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Curiosity as a driver for science

Digitally connected, Ada Yonath gave a Public Lecture on the first day of EBSA 2021. The structural biologist from Israel is employed at the Weizmann Institute of Science in Rechowot (Israel) and is considered a pioneer in the structural elucidation of ribosomes (cell organelles). In 2009, she and two other scientists were awarded the Nobel Prize in Chemistry "for studies on the structure and function of the ribosome."  

We had the opportunity to ask her a few questions and first wanted to know what has always fascinated her about research – especially biochemistry. "My curiosity drove me. And, I did not study biochemistry. I studied chemistry, then biophysics and specialized in crystallography," says Ada Yonath, explaining her career path. Despite numerous critics, the scientist never gave up. What drove her to keep pursuing her goals and not give up even after 25,000 attempts to analyze ribosomes with X-rays (crystal structure analysis)? “My curiosity drove me. The 25,000 experimental conditions (not attempts) were actually a rather simple experiment, which owing to my own design lasted less than 3 months."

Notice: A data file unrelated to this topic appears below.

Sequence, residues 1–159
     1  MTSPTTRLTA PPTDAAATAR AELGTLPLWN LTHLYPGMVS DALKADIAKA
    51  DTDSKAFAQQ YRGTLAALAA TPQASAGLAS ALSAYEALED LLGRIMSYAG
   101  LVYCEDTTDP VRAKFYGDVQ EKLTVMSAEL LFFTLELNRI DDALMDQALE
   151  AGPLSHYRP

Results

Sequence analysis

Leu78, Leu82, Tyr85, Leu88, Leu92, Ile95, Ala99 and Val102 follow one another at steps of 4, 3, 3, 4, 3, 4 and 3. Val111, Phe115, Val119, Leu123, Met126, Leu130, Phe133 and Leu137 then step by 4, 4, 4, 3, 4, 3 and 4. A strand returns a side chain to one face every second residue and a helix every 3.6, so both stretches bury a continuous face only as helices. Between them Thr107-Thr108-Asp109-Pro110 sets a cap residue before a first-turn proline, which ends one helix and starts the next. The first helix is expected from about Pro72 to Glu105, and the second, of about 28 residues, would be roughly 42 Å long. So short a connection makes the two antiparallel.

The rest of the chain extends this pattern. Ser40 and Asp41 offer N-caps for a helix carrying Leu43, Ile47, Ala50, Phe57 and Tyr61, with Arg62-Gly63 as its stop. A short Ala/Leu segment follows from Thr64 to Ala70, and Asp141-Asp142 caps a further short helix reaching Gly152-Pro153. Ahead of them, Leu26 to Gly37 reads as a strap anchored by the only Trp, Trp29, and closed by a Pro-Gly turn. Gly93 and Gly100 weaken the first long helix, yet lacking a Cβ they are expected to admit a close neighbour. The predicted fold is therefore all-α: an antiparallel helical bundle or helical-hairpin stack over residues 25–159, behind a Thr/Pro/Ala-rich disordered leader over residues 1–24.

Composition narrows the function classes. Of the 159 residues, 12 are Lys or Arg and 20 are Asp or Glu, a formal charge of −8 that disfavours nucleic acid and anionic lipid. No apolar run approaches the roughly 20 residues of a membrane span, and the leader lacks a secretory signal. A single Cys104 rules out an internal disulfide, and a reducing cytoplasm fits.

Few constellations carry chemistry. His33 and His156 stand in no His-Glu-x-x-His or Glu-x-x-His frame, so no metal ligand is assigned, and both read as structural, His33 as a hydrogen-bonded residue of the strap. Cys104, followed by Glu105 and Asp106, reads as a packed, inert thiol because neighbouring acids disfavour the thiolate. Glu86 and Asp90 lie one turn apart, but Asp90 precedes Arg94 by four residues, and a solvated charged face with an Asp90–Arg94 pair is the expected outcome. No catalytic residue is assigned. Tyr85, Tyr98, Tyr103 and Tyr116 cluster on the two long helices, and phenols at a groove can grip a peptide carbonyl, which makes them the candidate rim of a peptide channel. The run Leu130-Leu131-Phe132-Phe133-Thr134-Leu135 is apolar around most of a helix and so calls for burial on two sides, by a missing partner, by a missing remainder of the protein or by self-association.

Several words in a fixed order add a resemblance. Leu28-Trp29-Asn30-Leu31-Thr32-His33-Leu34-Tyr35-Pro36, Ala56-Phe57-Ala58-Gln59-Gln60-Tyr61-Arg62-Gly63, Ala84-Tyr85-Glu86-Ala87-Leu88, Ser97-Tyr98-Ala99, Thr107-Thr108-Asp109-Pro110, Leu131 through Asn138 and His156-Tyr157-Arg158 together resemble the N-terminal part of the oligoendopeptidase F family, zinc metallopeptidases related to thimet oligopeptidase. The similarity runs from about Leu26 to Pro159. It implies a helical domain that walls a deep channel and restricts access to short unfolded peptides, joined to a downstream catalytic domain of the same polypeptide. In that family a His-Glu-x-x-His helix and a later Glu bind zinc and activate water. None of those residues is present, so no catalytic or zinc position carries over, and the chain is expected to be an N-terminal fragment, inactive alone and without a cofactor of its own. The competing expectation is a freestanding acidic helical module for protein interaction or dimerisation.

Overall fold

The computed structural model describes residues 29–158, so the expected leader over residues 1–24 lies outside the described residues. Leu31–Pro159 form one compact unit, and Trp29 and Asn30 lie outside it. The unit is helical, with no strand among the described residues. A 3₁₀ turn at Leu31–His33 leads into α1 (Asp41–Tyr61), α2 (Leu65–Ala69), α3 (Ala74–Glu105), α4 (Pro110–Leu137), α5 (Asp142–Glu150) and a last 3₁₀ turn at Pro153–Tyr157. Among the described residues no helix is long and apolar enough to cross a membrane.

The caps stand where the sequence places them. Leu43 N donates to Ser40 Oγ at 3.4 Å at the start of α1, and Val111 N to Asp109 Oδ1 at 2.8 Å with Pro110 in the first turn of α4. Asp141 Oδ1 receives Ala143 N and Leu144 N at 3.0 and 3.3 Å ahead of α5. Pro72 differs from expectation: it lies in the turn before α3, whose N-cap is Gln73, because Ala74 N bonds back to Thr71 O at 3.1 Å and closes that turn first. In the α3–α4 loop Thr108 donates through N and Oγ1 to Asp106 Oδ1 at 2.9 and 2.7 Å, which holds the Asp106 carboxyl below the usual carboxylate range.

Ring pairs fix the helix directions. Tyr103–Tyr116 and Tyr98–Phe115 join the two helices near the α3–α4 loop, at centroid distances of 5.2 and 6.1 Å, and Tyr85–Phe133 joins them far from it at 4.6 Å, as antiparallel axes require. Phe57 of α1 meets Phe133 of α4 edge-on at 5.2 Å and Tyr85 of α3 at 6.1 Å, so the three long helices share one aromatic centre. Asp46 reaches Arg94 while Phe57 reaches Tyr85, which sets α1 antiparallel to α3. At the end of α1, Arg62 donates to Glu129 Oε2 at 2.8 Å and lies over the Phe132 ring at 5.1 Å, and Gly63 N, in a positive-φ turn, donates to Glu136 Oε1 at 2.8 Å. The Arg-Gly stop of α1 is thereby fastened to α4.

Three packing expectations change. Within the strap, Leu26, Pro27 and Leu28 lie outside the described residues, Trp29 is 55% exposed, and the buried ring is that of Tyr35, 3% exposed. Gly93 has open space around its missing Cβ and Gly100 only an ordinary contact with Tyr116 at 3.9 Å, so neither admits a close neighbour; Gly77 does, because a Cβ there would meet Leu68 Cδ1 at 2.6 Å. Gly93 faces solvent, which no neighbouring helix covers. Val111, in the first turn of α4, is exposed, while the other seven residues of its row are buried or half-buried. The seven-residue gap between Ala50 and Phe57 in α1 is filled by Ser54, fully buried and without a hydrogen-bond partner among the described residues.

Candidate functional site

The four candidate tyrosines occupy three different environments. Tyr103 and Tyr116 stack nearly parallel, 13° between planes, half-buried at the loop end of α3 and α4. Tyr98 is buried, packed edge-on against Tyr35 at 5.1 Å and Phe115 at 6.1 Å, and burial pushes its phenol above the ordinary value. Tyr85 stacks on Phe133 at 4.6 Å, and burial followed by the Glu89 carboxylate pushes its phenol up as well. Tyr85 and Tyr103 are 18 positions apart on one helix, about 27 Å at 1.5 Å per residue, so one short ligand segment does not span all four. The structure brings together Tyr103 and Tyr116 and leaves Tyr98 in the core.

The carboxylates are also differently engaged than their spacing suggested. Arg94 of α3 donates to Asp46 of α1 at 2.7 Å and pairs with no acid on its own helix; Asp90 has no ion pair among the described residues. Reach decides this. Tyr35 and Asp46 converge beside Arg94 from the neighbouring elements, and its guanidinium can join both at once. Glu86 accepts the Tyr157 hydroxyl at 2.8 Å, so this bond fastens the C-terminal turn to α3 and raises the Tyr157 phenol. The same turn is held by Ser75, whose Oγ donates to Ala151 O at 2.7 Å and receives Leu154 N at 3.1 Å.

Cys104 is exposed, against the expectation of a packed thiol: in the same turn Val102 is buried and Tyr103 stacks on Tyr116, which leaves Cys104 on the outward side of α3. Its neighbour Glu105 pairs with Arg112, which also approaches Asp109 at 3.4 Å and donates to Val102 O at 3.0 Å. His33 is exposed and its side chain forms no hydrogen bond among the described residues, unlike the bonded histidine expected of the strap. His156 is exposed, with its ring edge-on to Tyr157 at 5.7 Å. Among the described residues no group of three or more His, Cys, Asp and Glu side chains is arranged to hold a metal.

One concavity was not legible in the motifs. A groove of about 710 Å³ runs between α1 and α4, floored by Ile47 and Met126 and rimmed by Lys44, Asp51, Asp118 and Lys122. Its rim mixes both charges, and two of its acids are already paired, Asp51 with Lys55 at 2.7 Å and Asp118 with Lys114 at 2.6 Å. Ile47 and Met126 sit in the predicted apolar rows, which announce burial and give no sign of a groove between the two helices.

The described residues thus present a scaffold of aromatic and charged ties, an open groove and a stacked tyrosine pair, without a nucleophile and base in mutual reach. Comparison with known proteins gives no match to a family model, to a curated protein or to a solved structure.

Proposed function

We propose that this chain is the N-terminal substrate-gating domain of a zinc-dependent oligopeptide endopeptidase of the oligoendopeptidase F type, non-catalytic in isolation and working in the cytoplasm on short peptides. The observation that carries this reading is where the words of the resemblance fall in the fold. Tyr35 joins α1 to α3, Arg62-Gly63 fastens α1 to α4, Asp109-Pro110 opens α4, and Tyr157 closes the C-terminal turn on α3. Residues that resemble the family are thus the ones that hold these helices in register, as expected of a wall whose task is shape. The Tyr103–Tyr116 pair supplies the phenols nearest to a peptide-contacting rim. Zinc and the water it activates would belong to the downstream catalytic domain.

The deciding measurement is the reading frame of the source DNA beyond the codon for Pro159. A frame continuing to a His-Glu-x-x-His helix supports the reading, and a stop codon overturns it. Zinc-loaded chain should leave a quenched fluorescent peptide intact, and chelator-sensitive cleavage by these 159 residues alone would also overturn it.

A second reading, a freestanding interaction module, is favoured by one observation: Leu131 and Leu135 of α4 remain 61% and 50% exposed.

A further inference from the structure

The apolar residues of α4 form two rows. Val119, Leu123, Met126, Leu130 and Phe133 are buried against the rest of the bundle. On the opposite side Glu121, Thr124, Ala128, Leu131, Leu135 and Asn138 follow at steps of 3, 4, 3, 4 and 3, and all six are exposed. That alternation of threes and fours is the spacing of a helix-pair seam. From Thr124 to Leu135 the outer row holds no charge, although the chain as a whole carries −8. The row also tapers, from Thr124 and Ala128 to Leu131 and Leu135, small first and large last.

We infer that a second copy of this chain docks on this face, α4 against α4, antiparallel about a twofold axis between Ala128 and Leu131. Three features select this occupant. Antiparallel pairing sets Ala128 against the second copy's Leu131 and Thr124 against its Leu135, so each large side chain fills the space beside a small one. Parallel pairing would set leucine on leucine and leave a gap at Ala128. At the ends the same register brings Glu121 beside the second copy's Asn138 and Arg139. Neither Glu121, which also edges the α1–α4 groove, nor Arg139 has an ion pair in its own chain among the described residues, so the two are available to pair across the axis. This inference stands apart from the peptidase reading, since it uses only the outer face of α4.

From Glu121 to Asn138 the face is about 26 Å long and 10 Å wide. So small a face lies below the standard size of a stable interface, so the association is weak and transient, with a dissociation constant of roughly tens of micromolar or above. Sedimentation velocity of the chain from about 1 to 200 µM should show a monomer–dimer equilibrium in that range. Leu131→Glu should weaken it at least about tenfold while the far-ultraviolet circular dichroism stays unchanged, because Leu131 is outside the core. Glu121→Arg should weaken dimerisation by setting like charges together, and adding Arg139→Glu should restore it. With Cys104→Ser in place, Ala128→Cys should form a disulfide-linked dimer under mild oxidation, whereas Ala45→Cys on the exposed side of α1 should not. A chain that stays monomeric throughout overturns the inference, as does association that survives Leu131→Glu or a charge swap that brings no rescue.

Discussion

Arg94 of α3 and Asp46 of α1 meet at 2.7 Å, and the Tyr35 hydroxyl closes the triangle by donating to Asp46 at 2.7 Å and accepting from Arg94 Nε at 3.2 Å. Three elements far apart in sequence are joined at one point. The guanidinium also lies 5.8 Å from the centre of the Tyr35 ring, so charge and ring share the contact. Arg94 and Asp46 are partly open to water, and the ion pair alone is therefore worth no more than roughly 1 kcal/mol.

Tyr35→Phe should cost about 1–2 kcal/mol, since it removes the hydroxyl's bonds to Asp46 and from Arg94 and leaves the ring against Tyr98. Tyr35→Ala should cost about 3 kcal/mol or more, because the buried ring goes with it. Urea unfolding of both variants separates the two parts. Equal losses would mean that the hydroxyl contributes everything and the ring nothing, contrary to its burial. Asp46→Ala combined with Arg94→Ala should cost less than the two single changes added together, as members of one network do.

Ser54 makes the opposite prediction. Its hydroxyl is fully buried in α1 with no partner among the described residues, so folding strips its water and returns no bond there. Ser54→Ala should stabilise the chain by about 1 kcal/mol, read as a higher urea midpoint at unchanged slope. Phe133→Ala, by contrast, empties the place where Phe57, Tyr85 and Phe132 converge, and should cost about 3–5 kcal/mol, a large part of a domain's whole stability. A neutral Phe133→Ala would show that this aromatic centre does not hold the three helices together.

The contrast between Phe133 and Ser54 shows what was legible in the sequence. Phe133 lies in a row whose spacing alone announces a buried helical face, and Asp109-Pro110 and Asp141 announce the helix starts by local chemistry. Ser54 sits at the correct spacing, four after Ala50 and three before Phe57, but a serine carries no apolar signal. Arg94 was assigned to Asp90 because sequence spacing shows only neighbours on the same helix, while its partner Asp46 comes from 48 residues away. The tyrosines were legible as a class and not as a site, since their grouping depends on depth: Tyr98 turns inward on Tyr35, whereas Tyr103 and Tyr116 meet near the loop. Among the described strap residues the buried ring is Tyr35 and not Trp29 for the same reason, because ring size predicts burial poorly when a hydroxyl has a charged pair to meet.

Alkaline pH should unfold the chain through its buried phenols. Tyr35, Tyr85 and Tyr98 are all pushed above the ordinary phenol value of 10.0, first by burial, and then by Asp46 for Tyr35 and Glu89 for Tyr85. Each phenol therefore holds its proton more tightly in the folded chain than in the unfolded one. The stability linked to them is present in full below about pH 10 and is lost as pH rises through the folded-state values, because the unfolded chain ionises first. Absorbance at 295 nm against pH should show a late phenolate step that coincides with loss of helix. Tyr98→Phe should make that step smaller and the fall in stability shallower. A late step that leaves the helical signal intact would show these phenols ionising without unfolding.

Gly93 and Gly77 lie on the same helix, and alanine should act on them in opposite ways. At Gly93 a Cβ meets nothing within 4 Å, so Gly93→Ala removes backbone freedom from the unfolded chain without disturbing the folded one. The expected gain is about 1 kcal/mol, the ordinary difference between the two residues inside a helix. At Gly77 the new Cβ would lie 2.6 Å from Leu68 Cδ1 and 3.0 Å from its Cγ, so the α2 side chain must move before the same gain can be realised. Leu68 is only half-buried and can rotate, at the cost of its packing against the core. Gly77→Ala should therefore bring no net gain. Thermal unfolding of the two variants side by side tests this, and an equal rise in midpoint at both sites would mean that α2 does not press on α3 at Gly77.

Ada Yonath did not attribute great importance to being awarded the Nobel Prize, as only the 4th woman in the field at the time, "I was much more fascinated by my scientific discoveries than by the Nobel Prize. In addition, since science is gender irrelevant, I did not care much about my position in the list." Getting young people excited about research is easy, according to the scientist, because: "They are curious."  

Meetings like EBSA 2021 remain important. “These congresses provide means to meet researchers and exchange ideas," Ada Yonath says.  

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